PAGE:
Here are the ways my life has changed since I first talked to him:
1. Someone asks me about Diddy literally every single day: friends, people who I don’t know message me online, family members I haven’t talked to in years. Sometimes people wait for me after shows at UCB just to ask when Diddy’s coming. My answer has always been “I don’t know! As soon as I know I’ll let everyone know.”
2. I got a TV show. It was on Comedy Central and it was called Big Lake and I got to work with a bunch of my heroes. It was intensely hard and at times really overwhelming but I’m insanely glad I got the opportunity. Ten episodes aired over the summer and now I am figuring out what the next thing is, but the fact that this even happened made me feel OK about the ten plus years I’ve spent trying hard to survive doing comedy.
These things cross over in a few ways. The first is that I sent Diddy a DM on Twitter and very truthfully said “I talked to you on New Year’s Eve and have had the best year of my life. I just got cast as the lead on a TV show. I know this is weird, but I want to thank you. I feel like I’ve had good luck ever since we talked.” He wrote back and said “You’re not the only person who has said that about me. Congrats!”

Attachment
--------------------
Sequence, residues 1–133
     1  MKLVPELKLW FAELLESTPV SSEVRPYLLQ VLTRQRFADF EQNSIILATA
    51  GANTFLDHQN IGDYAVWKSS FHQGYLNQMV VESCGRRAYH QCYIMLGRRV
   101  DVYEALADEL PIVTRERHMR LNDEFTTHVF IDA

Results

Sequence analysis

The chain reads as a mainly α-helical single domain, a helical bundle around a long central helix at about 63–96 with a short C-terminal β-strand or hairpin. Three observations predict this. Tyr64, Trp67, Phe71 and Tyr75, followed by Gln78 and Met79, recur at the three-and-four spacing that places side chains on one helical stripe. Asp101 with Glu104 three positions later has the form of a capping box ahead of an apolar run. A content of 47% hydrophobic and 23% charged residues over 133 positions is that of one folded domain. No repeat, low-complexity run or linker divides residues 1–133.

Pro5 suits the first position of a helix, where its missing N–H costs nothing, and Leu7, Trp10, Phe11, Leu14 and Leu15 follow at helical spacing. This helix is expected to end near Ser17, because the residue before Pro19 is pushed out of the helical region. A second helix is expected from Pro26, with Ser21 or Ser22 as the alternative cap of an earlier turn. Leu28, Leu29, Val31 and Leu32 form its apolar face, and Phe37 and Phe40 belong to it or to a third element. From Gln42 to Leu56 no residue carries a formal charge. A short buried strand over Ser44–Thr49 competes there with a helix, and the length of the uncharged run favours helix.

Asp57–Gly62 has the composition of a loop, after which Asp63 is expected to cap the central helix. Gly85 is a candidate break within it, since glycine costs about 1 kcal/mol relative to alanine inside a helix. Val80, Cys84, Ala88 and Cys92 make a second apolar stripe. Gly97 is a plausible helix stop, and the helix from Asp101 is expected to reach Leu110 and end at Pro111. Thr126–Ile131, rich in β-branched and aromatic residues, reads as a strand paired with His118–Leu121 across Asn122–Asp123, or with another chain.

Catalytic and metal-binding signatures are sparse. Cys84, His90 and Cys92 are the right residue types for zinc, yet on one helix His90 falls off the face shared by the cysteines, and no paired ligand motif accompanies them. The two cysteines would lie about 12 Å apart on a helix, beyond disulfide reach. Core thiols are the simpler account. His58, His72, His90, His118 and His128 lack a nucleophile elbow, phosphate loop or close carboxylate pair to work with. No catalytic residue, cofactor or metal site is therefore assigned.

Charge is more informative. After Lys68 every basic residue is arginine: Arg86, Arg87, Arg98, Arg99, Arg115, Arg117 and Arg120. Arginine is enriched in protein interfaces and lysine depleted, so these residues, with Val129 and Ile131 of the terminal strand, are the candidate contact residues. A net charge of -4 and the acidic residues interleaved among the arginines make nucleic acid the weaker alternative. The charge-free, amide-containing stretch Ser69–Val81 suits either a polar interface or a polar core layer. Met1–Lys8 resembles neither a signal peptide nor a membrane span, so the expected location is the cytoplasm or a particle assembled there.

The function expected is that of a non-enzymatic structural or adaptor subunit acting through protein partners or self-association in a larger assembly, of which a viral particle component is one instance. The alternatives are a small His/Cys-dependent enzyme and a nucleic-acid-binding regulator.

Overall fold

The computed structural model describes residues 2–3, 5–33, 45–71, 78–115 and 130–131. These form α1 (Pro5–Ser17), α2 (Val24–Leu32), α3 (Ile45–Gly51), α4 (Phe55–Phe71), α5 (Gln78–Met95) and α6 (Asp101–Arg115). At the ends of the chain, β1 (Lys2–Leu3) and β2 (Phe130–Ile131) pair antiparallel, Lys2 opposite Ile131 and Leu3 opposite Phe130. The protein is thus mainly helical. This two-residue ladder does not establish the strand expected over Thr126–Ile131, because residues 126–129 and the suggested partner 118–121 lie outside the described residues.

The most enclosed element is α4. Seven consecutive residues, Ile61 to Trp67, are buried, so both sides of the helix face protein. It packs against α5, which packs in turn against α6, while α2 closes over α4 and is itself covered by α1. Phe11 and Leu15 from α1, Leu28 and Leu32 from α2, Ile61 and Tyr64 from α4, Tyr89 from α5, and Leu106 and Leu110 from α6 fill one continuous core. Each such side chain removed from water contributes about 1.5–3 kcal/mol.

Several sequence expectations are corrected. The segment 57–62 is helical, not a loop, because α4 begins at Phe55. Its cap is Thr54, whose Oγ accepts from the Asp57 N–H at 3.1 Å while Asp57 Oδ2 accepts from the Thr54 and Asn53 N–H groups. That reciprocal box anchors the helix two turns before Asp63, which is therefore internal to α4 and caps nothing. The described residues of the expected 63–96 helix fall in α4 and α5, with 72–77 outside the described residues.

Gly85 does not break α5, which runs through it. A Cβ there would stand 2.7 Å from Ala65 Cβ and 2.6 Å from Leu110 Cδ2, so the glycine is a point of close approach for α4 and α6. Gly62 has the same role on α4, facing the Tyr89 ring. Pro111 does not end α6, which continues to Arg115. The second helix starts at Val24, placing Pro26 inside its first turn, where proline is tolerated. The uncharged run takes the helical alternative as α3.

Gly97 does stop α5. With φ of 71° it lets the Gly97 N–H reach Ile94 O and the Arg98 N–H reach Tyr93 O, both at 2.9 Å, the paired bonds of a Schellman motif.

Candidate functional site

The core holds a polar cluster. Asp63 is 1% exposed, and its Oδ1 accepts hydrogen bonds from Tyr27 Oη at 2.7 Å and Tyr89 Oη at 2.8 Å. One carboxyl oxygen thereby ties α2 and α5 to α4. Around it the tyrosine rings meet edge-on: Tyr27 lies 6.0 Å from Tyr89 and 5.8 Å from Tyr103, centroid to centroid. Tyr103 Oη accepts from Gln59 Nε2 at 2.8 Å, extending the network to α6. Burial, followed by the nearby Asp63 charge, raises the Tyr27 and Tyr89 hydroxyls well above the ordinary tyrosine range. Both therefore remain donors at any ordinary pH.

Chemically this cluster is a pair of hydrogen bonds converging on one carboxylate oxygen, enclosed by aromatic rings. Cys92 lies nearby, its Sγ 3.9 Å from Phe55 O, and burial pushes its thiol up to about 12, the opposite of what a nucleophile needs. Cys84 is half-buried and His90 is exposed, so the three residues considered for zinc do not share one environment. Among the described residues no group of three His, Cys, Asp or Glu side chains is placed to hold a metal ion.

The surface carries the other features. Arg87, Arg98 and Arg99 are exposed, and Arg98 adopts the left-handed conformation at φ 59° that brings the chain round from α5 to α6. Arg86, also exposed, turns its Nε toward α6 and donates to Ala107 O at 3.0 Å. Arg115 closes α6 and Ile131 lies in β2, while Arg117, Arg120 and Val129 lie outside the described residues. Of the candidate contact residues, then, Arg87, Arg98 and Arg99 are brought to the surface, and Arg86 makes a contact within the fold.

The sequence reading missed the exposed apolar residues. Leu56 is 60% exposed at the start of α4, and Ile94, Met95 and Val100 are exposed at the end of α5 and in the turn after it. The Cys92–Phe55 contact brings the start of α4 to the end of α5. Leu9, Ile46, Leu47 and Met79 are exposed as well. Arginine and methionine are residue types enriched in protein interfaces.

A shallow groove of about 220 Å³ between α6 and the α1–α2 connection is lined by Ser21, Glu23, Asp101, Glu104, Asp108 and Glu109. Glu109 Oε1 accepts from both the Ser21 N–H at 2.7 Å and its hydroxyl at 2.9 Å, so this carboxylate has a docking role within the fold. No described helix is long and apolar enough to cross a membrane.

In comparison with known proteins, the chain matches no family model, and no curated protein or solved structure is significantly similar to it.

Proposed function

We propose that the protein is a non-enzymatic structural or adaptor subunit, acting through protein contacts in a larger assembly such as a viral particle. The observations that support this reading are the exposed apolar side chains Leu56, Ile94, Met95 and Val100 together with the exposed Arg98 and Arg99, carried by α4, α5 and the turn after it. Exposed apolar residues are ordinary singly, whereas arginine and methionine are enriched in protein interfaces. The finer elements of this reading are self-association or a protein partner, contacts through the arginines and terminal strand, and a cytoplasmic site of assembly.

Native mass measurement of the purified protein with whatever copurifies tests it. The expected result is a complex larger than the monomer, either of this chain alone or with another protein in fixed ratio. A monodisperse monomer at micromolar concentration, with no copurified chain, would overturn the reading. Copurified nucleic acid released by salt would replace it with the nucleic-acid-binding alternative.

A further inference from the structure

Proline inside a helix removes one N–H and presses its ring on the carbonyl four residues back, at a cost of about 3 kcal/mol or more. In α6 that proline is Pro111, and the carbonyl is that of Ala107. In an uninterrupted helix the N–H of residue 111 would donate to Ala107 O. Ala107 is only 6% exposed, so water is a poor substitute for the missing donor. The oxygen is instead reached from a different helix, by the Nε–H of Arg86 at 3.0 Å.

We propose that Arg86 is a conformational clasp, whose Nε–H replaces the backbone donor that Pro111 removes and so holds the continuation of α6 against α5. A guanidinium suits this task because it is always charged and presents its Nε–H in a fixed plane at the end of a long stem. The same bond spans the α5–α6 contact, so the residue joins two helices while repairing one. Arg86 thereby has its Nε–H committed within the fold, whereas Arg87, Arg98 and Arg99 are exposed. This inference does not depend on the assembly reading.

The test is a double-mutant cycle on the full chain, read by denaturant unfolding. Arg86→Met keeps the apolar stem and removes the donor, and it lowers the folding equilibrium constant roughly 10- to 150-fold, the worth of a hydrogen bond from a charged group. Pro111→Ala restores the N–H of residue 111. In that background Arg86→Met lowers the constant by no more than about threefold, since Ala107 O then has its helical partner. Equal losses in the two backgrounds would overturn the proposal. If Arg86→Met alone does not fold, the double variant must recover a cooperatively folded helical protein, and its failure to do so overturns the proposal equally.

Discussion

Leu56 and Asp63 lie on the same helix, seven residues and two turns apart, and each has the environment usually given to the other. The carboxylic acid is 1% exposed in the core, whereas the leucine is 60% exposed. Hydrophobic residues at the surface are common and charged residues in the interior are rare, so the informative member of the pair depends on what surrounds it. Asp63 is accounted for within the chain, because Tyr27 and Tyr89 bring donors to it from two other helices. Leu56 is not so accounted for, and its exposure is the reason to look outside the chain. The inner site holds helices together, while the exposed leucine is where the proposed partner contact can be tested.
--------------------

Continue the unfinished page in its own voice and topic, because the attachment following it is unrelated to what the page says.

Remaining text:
I also kept my eye on the prize and kept finding ways to try and remind Diddy to do my show. I went to the Sean John store on Fifth Ave and bought a bunch of shirts. Anytime I had to promote Big Lake on camera, I wore Sean John if they let me. My hope was that if pictures or videos showed up, Diddy would see them and realize I was giving him a shout out.
I was a guest on Late Night with Jimmy Fallon as part of the Big Lake promotion, and Jimmy and his producers had heard about all the stuff with Diddy. Those guys have always been nice to me, even though they (accurately) think I’m a real fucking weirdo. They did me a huge solid and talked about the Diddy stuff on the air and even put a graphic of the #diddygethard hashtag on the screen.